You may notice your new dehumidifier uses fewer amps to remove as much or more water than the older one. It also likely will operate at lower temperatures in a basement before the coils will frost up, rendering the unit no longer able to pull moisture from the air. Newer technology allows this, so you won't be sorry about getting a new one.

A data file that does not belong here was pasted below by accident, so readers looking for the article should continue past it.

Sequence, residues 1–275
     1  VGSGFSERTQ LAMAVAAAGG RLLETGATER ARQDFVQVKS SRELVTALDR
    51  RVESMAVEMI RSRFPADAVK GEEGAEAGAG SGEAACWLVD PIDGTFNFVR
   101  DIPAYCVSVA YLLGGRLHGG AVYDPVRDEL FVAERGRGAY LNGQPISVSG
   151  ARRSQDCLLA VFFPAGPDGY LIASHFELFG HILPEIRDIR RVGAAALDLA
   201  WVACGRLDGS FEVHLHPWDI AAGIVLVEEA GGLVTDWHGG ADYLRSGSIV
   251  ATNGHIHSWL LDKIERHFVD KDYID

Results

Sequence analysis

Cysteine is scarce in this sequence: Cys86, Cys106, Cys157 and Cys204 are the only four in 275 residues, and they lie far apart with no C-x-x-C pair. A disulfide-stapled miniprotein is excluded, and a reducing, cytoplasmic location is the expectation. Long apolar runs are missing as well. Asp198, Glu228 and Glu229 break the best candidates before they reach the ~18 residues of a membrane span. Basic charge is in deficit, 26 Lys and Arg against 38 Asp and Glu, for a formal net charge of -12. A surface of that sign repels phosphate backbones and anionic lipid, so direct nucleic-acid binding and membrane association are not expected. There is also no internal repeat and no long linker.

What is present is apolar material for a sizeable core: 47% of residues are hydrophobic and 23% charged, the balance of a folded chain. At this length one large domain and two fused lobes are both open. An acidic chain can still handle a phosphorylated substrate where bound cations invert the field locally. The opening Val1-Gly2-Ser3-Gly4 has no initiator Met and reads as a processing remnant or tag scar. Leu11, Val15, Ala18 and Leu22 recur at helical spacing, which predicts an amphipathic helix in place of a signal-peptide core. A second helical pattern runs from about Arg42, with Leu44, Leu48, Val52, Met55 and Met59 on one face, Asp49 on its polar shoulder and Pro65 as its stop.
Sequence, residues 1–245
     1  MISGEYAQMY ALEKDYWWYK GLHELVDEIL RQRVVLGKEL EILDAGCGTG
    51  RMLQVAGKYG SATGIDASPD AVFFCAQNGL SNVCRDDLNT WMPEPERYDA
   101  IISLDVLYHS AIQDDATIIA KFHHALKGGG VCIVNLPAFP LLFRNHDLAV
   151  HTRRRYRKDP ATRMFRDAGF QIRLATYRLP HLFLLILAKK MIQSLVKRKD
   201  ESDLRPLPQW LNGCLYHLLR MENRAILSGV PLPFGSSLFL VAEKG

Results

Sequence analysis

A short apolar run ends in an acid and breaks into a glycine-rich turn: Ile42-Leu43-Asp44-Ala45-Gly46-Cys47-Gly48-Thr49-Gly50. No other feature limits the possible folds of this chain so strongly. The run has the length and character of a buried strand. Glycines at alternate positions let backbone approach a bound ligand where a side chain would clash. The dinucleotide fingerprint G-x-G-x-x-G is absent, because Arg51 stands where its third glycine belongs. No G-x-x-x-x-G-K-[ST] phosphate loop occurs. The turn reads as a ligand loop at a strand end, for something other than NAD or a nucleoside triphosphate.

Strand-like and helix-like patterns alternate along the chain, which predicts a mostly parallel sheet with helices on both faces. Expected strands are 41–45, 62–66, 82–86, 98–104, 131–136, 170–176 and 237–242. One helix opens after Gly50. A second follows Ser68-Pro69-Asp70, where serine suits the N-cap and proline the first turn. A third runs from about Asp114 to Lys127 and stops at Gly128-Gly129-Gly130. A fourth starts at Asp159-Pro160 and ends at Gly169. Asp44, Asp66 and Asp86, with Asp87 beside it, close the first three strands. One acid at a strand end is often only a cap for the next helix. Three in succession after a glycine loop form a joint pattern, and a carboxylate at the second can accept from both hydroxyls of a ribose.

As for your older one being noisier, you might be able to improve that. If you trust yourself to work safely around house voltage when covers are off an appliance, remove the cabinet from the unit while unplugged. Then, making sure you avoid touching anything that's live, plug it in and turn it on, making sure the bucket is in contact with the microswitch which prevents overflow. With the unit running, see if you can determine what's vibrating. You can listen through a short length of garden hose or heater hose. Gently press against the noisy part with a stick of wood or a pencil and see if the vibration stops. If so, you can usually unplug the unit and figure out a way to stop vibration by wedging in a piece of thin wood or plastic wedge. Use your imagination for what to wedge in. Another way is sometimes the factory puts in too few screws to keep things solid. You can often drill a new hole for another sheet metal screw or two, making sure you don't drill a pilot hole into anyplace it shouldn't be! Good luck.